Federal court to consider petition law | NevadaAppeal.com

Federal court to consider petition law

Attorney General Brian Sandoval has decided not to issue an opinion on whether Nevada’s initiative and referendum law is constitutional.

The Nevada Constitution requires petition organizers get signatures from at least 10 percent of those who voted in the last election – a total of 51,243 valid signatures – but that they make the 10 percent minimum in at least 13 of the state’s 17 counties. Opponents say that is a violation of the one-man, one-vote principal mandated by the U.S. Constitution because it gives undue weight to the small number of rural county voters. About 85 percent of the state’s population lives in just Clark and Washoe counties.

The requirement became an issue four years ago when Sandra Tiffany, now a Republican Senator from Henderson, tried to put a question on the statewide ballot allowing counties to have more than one school district. She argued the Clark County School District, one of the 10 biggest in the nation, should be split into at least two districts.

She had well over the minimum number of signers but her petition drive failed to make the ballot because it failed by just 28 signatures in Mineral County, leaving her with enough names in only 12 counties instead of 13.

To prevent a repeat and to cut costs of getting signatures to try repeal the 2003 legislature’s tax package, organizers of the repeal drive filed suit last week in U.S. District Court in Las Vegas. Joined by the Initiative and Referendum Institute and U.S. Term Limits, Inc., they argue Nevada’s law is very similar to an Idaho statute which was recently tossed out by the Ninth Circuit Court of Appeals.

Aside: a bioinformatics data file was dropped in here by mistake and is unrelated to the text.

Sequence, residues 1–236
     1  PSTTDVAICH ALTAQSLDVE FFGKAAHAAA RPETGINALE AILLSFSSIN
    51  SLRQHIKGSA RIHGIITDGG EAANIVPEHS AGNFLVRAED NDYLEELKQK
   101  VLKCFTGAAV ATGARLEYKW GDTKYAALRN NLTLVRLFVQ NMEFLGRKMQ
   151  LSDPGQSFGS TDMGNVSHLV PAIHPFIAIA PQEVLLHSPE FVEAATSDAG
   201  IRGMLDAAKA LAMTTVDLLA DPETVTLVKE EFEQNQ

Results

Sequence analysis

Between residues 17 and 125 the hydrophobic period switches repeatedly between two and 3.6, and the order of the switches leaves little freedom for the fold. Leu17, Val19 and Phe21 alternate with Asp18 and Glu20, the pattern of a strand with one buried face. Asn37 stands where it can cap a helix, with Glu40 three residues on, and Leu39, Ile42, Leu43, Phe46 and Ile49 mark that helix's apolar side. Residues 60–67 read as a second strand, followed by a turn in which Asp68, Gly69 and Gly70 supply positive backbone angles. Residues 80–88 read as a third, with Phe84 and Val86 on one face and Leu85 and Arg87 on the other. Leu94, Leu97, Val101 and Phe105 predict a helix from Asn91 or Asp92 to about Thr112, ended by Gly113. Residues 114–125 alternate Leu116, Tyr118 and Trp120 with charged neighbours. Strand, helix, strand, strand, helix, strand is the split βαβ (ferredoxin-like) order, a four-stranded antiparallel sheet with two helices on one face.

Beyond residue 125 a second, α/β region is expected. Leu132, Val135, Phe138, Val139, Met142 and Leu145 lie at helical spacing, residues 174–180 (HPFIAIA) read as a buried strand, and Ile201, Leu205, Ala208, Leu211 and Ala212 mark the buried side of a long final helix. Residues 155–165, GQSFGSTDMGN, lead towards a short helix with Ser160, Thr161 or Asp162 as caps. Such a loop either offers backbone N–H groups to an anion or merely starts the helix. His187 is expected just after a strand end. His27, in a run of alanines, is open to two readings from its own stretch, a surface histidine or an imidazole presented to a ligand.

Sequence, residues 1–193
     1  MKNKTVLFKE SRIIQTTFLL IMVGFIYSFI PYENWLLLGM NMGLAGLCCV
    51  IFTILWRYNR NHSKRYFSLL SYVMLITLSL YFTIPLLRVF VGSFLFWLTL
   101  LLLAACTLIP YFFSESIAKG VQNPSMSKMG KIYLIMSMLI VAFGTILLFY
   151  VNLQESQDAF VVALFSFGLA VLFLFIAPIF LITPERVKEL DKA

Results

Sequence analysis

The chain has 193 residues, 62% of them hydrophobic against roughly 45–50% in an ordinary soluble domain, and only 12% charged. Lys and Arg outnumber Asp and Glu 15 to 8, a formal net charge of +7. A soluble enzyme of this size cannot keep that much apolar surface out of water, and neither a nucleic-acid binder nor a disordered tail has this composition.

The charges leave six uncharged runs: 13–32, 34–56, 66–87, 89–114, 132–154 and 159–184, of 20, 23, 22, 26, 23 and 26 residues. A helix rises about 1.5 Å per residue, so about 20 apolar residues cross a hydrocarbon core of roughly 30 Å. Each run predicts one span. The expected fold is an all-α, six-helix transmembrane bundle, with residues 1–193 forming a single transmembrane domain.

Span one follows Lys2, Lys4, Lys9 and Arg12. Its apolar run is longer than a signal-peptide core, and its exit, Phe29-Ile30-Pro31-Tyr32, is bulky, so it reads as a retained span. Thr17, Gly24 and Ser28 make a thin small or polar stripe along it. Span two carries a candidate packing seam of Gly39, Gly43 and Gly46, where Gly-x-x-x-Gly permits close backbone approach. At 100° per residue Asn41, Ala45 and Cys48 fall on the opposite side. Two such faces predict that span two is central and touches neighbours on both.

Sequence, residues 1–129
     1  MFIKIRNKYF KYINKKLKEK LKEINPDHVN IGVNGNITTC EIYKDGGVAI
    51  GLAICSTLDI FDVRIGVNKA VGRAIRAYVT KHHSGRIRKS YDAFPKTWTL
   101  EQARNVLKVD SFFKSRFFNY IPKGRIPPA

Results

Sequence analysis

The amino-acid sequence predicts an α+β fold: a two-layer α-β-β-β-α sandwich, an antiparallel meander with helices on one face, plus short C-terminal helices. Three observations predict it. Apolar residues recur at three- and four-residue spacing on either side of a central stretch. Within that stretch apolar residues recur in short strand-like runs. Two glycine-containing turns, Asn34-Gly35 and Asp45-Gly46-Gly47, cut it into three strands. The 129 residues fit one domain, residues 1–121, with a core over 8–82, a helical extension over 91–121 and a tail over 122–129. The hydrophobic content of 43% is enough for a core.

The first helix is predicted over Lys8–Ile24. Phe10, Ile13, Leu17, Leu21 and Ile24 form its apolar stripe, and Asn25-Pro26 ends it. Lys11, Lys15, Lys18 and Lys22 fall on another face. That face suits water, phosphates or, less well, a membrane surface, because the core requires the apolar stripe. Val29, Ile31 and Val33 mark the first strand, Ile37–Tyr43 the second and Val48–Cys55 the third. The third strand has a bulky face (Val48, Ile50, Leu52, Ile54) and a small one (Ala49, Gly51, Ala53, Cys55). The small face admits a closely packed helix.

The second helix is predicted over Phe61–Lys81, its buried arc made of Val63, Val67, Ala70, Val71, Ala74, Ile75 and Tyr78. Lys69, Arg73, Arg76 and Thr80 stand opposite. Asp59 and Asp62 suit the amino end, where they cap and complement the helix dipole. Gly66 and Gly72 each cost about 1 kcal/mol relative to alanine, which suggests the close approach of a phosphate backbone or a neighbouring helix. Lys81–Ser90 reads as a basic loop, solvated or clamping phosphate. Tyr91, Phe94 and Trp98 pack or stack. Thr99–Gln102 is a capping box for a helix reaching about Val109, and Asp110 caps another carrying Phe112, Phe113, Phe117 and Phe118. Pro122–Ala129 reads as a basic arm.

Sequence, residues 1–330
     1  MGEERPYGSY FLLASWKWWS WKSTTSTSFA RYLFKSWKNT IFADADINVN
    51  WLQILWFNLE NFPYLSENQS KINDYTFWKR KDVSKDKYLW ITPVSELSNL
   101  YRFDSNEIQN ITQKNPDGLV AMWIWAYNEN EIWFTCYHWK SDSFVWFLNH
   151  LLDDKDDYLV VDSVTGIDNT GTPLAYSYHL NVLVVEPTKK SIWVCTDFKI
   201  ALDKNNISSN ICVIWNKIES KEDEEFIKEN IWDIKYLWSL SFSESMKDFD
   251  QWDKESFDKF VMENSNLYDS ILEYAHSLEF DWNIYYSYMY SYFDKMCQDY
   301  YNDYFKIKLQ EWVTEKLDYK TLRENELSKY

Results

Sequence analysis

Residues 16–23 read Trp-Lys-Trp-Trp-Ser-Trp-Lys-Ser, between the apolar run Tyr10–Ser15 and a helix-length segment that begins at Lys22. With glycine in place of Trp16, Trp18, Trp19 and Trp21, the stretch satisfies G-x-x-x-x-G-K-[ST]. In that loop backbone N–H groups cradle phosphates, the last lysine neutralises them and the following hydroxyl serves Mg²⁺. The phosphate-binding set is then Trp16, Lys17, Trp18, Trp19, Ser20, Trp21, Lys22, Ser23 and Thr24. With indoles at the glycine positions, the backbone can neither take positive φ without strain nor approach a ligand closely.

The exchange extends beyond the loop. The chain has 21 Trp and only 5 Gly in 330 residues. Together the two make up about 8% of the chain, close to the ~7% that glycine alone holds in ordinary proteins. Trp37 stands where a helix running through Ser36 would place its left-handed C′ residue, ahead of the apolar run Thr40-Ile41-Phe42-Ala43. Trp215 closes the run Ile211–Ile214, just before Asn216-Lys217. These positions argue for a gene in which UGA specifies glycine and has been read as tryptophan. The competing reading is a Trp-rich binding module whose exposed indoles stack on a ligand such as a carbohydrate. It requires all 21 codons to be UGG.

Sandoval advised Secretary of State Dean Heller this week he would hold off on the opinion because the issue is now before a federal judge.

“It has long been the general policy of this office to abstain from issuing an official attorney general opinion on a law that is being challenged in the courts,” said Sandoval in a letter to Heller.

But the letter also advised that, until the issue is resolved by the federal court, Nevada’s constitutional provision requiring not only a certain total number of signatures but that they meet that percentage in at least 13 counties will remain in effect.